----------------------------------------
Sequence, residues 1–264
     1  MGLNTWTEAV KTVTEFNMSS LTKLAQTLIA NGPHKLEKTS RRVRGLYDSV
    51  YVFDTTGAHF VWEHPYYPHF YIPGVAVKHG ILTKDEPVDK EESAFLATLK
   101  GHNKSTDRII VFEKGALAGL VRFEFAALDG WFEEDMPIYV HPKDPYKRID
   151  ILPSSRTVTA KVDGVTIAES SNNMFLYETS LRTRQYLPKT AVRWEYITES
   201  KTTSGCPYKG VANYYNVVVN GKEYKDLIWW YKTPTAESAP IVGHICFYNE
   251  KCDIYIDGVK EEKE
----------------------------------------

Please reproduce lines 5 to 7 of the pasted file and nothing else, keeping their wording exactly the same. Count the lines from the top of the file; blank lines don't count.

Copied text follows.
   151  ILPSSRTVTA KVDGVTIAES SNNMFLYETS LRTRQYLPKT AVRWEYITES
   201  KTTSGCPYKG VANYYNVVVN GKEYKDLIWW YKTPTAESAP IVGHICFYNE
   251  KCDIYIDGVK EEKE